Sylvester confused me as a kid. Correction: androgyny confused me as a kid. My concept of gender identity as a kid in the late ‘70s and early ‘80s was that there was a very specific way boys were supposed to act and a very specific way that girls were supposed to act and anyone who didn’t act in the manner that was generally ascribed to their gender was weird. So, along with Grace Jones and Prince, Sylvester didn’t totally make sense. And in retrospect, that was scary and intriguing. That intrigue didn’t lead me towards any particular path in terms of my own gender (I’ve never not felt like a guy, and I’ve never had a particular interest in anything that would be considered gender play like drag or even painting my nails), but it gave me a ton of respect for those that do (once I realized there was nothing to be afraid of) and at least an initial understanding that the lines were not as clearly delineated as I was taught they were, and that was OK.
“Do Ya Wanna Funk?”’s title suggests a question. The way Sylvester sings indicates that the question has already been answered…or at least that if Sylvester’s asking, he’s not really considering the answer being “no” as an option. Sylvester may be singing in what some might consider a fey falsetto, but make no mistake-this is his car and you are just a passenger. He’s only asking if you wanna funk to be polite. ‘Cause y’all gon’ be funkin’.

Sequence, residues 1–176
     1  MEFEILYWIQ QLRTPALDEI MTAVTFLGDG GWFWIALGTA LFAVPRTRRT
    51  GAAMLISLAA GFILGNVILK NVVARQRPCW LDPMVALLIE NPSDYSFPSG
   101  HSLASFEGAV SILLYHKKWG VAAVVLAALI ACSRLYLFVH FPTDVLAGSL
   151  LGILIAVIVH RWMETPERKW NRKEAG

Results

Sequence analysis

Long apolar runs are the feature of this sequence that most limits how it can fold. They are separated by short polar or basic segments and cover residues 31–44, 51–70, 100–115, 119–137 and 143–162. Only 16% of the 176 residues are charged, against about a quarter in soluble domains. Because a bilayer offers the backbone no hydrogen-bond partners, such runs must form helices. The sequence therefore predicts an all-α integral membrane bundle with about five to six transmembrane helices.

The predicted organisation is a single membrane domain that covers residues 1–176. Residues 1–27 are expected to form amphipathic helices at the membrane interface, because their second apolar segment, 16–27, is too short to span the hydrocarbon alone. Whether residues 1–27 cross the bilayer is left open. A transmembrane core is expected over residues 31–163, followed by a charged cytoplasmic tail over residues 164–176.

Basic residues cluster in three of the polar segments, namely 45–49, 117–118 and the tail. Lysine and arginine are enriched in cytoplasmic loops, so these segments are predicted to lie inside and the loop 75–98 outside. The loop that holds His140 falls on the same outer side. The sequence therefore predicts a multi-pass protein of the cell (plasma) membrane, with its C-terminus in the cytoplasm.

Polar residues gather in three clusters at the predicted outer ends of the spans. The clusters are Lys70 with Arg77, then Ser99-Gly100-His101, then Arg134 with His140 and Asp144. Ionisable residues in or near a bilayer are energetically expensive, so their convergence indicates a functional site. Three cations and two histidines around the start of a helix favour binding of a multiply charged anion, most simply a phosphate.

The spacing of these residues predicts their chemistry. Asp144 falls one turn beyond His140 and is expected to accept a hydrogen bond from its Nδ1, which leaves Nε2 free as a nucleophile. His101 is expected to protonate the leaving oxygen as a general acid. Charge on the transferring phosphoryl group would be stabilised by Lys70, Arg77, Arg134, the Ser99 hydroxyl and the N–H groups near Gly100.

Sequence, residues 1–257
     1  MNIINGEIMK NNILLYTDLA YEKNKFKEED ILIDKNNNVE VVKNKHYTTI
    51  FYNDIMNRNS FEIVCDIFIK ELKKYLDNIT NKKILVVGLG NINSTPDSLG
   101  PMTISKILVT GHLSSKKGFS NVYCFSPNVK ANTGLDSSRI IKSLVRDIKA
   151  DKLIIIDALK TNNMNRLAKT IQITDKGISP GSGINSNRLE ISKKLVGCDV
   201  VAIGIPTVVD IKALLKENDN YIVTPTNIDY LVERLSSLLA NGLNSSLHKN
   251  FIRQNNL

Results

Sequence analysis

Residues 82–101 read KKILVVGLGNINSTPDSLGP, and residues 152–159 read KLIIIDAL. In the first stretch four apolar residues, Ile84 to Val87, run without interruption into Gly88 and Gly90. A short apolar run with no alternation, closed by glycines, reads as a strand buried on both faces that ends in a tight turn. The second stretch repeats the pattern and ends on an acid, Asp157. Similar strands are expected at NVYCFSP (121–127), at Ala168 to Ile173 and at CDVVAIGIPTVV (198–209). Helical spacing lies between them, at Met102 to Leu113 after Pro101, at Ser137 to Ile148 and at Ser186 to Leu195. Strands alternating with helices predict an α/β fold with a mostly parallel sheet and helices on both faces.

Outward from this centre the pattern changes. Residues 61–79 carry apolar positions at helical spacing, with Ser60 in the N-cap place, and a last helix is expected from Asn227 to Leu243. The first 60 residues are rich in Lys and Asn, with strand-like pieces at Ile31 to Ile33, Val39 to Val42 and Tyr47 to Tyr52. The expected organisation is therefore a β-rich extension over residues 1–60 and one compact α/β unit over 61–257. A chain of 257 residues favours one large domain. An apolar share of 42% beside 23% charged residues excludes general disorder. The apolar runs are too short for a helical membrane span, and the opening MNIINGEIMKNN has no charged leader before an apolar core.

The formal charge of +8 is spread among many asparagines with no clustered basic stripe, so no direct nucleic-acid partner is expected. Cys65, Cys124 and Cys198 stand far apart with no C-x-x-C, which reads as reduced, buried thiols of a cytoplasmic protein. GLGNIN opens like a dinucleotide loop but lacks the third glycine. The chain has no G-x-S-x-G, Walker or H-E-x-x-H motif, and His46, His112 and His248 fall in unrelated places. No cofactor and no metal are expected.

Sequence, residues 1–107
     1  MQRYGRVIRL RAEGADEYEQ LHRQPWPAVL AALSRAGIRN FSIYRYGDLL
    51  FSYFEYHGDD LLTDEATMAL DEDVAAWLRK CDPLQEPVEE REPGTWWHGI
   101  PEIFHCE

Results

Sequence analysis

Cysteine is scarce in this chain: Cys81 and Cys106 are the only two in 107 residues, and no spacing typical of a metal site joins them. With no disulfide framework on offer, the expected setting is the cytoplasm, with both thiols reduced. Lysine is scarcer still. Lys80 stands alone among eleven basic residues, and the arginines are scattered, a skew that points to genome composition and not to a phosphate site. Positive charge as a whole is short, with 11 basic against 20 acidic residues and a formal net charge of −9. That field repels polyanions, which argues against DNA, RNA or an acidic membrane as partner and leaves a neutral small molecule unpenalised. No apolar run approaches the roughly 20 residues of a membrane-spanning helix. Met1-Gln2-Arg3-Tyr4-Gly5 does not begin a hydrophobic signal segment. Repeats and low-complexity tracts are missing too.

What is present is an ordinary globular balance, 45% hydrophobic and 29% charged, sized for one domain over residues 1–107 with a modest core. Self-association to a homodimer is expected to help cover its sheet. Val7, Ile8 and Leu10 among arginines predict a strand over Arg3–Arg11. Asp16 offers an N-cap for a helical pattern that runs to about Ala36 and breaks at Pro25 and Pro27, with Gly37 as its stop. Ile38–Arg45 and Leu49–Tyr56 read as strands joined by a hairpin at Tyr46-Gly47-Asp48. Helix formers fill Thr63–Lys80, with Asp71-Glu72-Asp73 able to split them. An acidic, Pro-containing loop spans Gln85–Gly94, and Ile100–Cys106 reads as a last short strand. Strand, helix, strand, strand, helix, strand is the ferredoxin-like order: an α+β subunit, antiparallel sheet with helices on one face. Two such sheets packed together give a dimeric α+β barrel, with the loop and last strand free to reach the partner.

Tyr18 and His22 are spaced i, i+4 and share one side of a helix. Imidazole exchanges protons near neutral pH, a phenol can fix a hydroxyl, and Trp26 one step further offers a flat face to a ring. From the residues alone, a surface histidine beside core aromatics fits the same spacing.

The futuristic synthesizers on “Funk” are played by Patrick Cowley, a San Francisco musician/producer who was set to follow in the footsteps of dance music synth pioneers like Giorgio Moroder and Prince. Unfortunately, Cowley was also the popular music world’s first AIDS casualty, passing away just as “Funk” was becoming an international hit. Check out this awesome Gawker article on Cowley’s legacy. Sylvester himself would die of AIDS-related causes six years later.
Despite the tragic end both artists met, “Do You Wanna Funk?” is celebratory, delightfully sleazy, a celebration of carnal pleasure and lust that took on an almost subversive meaning as AIDS continued to decimate the ranks of out gay men throughout the ‘80s and ‘90s (traumatizing several generations of queer men and sexual adventurers). Openly fucking for the fun of it was almost a form of protest for a while, and I’d like to think that Cowley and Sylvester were both okay with this song being used as a soundtrack for it.
Weirdly, I think my first exposure to “Do You Wanna Funk?” came via the Eddie Murphy movie Trading Places. Given the virulent homophobia and AIDS-phobia that Murphy was known for at this time (which-no shade-was a view shared by almost all of the world at this time and Murphy shouldn’t be held up as a sole scapegoat for) , it’s kind of ironic that a key scene in one of his best known movies features an unapologetic ode to queer sex.